South Zanskar is an exciting mountain area with many virgin peaks. In 2012 we did our third expedition to explore valleys in these mountains and identify unclimbed peaks.
Temasa Nala is the next valley north of the Raru, and has been used by locals to reach Udaipur via the Kang La (5,468m) and Miyar Valley, and also to go to Kilar via the Poat La (5,490m). The route over the Kang La is also used infrequently by trekkers, but it involves glacier travel and is nowhere near as popular as the route from Padam to Darcha over the Shingo La (5,045m). In 2007 my friend Satyabrata Dam trekked up the Miyar and crossed the Kang La and then the Poat La via the Tidu Glacier, publishing exciting photos of Peaks 6,294m and 5,995m [AAJ 2008]. These still appear to have no recorded ascent.
Gompe Tokpo is the second valley north of the Temasa and runs southwest from Padam. Though a fine panorama of the Gompe Tokpo peaks can be seen from the villages of Thonde and Karsha, I could find no evidence of them having been visited by climbing expeditions.
I planned to explore these valleys from late June to early August. The team comprised Toshihiro Katsumata (64), Mitsuhiko Okabe (71), Masaki Shibata (66), and me (72). We were accompanied by three kitchen staff, two horsemen, and 10 horses. As there are no official names for any of the peaks in Southern Zanskar, to aid identification I have labeled summits T1, T2, T3, etc., for peaks in Temasa Nala and Gompe Tokpo; H1, H2, etc., in the Haptal Tokpo; and M1, M2, etc.; in Mulung Tokpo.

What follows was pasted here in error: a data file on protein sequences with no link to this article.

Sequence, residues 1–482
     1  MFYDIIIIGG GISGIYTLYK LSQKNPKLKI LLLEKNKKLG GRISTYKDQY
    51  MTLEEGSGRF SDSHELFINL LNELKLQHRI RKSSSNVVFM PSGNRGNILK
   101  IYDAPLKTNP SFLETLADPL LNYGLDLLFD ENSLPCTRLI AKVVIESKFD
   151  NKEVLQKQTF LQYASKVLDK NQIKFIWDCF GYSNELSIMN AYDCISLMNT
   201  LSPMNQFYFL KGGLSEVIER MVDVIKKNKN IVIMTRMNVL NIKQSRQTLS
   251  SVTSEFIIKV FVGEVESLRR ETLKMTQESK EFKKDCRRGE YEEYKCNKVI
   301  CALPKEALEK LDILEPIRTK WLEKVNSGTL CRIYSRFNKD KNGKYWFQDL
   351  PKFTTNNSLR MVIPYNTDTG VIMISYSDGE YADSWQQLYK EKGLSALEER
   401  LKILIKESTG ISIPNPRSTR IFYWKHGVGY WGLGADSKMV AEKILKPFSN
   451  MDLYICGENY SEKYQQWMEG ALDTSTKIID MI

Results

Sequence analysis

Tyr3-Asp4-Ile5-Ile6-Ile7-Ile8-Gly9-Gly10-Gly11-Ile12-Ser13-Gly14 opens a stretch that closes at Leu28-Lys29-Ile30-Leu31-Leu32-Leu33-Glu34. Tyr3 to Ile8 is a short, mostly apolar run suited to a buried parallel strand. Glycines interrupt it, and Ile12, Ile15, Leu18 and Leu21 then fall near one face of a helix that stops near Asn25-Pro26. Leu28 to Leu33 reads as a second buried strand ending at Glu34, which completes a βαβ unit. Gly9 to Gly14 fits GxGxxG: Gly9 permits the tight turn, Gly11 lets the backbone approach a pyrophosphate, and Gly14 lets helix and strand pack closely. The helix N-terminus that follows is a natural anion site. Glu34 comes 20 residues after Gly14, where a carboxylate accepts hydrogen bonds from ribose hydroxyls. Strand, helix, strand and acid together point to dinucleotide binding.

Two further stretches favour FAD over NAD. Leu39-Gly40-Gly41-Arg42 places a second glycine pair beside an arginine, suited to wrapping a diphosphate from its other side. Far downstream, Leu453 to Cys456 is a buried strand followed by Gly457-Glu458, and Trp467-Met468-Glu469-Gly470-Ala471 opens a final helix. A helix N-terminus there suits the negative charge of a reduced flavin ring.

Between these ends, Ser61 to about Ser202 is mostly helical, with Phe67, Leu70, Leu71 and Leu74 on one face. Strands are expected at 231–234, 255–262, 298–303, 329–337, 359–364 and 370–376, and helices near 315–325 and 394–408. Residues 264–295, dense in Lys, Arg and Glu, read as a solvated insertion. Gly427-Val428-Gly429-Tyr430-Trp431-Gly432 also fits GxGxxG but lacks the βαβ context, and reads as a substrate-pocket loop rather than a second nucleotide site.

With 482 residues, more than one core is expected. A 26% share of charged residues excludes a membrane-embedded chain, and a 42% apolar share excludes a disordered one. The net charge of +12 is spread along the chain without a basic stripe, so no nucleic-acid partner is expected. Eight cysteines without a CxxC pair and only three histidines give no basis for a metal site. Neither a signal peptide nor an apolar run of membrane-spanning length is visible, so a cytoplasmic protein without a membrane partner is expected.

We followed the Temasa Nala to the Tidu Glacier, and originally planned to penetrate the Tsewang Tokpo to see T9 (6,107m) and T7. [Editor’s note: T7, map height 6,022m, GPS 6,117m, was climbed by a British party in 2011 and named Evas’s Peak.] However, the entrance was too steep and unstable for our horses, so we had to abandon the idea.
After visiting Gompe we had a little time to spare, so decided to look at the next major valley north, the Haptal Tokpo, which rises southwest from Sani Gompa on the Doda River. In the lower Haptal a canal was being built to supply water to the hydroelectric plant, and a small refuge stood on a large flat area. Our guide thought this might have been built for trekkers, to popularize the now seldom-used trekking route up the Haptal and over the Umasi La (5,342m) to Kishtwar. We were unable to visit the Chhogo Tokpo, the major southern side branch of the Haptal, as the river was too difficult to cross, even by horse.
During our travels we identified 21 significant unclimbed peaks, most of which are open to mountaineers. We hope our exploration will help climbers attempt these in the future.
Kimikazu Sakamoto, Japan